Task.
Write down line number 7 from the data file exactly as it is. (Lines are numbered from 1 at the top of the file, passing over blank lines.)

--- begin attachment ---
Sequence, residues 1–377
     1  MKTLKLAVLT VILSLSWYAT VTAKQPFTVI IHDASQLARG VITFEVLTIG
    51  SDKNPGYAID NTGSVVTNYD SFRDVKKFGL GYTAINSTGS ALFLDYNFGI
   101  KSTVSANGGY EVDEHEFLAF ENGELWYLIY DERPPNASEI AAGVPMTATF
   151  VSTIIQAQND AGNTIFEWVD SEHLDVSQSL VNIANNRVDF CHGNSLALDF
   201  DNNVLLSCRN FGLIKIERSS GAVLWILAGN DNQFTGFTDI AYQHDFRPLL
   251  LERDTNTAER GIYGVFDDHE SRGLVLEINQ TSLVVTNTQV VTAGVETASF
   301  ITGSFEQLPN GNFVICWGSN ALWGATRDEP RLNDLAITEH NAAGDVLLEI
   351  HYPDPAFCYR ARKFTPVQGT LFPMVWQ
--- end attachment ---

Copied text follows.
   251  LERDTNTAER GIYGVFDDHE SRGLVLEINQ TSLVVTNTQV VTAGVETASF